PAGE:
Citing high Medicare margins and concerns over therapy services, the Medicare Payment Advisory Commission (MedPAC) has asked Congress to cut reimbursement rates for skilled nursing facilities.
The non-partisan agency called on Congress to scrap the Medicare market basket rate increases for fiscal years 2019 and 2020 — which would amount to 2% and 2.1%, respectively — then work toward developing a new prospective payment system (PPS) for SNFs in 2019.
Those moves would reduce overall Medicare spending by $750 million to $2 billion in fiscal 2019, MedPAC estimated, with a cut of more than $10 billion over five years.
When the recent Republican-led tax plan resulted in a lower-than-expected increase in the market basket rate, the Congressional Budget Office predicted a $2 billion reduction in Medicare spending over the coming 10-year period — a cut that operators described as “unsustainable.”
“With the current Medicare margin at over 11% and the projected Medicare margin in 2018 at 9%, Medicare payments appear more than adequate to accommodate SNF cost growth without updates,” MedPAC wrote in its most recent Medicare Payment Policy report to Congress.
The agency also pointed to the fact that skilled nursing facilities can and will accept much lower rates from Medicare Advantage plans, leading MedPAC to determine that current fee-for-serivce reimbursement rates are simply too high: For instance, across three publicly traded nursing home companies, Medicare fee-for-service reimbursements were 21% higher than those offered through managed Medicare plans.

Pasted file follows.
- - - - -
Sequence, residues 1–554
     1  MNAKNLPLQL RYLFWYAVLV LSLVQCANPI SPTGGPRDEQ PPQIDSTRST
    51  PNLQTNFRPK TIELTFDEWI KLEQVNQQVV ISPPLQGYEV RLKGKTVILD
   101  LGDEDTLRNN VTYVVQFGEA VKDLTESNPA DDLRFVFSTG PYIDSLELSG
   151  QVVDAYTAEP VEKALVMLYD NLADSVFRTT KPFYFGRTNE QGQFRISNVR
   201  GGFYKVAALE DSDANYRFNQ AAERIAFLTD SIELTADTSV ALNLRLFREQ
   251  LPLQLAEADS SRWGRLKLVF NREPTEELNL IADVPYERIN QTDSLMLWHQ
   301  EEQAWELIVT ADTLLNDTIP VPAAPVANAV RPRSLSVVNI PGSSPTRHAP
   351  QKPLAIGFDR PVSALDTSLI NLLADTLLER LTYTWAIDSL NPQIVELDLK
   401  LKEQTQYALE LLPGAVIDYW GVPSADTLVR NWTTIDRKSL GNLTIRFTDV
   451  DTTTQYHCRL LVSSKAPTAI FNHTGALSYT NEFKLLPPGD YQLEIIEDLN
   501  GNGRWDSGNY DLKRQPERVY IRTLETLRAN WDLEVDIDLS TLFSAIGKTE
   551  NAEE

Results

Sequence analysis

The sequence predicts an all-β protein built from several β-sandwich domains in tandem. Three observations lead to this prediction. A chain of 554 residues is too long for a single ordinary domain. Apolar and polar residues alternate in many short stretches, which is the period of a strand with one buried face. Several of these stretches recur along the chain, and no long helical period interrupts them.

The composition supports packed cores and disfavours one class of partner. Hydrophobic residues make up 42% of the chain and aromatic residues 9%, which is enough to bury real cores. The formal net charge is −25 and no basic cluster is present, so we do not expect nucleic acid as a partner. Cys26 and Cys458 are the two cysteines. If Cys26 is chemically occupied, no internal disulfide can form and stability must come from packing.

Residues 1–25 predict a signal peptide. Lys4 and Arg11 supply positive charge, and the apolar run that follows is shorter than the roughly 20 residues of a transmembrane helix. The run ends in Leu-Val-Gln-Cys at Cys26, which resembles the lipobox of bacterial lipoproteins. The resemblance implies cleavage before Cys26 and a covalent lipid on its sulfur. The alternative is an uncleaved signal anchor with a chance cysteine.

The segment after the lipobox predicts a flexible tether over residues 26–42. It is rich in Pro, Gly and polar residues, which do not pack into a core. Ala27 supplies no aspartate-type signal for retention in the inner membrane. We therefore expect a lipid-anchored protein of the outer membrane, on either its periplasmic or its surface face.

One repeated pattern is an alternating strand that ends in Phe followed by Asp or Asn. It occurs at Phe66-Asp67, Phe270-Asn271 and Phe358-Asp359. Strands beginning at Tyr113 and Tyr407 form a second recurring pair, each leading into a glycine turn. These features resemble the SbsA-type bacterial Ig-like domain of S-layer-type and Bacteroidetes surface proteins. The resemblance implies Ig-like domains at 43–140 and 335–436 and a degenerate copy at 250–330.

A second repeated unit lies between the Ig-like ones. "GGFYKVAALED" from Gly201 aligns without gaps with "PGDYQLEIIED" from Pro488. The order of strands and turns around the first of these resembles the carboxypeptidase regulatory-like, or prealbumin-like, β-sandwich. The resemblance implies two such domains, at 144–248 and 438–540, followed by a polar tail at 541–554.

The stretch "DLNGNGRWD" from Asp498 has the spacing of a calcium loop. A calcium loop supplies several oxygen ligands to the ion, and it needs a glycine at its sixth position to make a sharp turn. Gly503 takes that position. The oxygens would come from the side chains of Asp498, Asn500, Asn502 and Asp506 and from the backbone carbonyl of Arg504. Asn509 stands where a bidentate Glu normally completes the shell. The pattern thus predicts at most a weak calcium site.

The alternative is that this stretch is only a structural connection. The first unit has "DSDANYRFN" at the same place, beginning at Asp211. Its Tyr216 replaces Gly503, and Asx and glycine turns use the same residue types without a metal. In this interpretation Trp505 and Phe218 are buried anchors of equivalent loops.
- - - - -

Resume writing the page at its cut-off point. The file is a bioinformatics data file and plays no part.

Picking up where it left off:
In addition, MedPAC called out providers for pulling in significant reimbursements by providing therapy services.
“The persistently high Medicare margins and their wide variation indicate that the PPS needs to be revised and rebased so that payments more closely match patient characteristics, not the services provided to them,” MedPAC wrote, noting that a quarter of freestanding SNFs in 2016 had Medicare margins of 20.2% or more — while another quarter had margins at 0.7% or lower.
And while Medicare is a key payor for skilled nursing providers, MedPAC identified other sources of funding available to operators.
“Access to capital was adequate in 2017 and is expected to remain so in 2018,” the agency wrote. “Lending wariness reflects broad changes in post-acute care, not the adequacy of Medicare’s payments.”
Congress is not required to accept MedPAC’s recommendations.
Read the full report at MedPAC’s website; the chapter on post-acute care begins on page 187, while the skilled nursing portion starts on page 205.
Editor’s Note: An earlier version of this story characterized the Medicare market basket increase under the new tax bill as a freeze. The article has since been updated to clarify that the increase was lower than many in the industry expected, and not strictly a freeze.
Written by Alex Spanko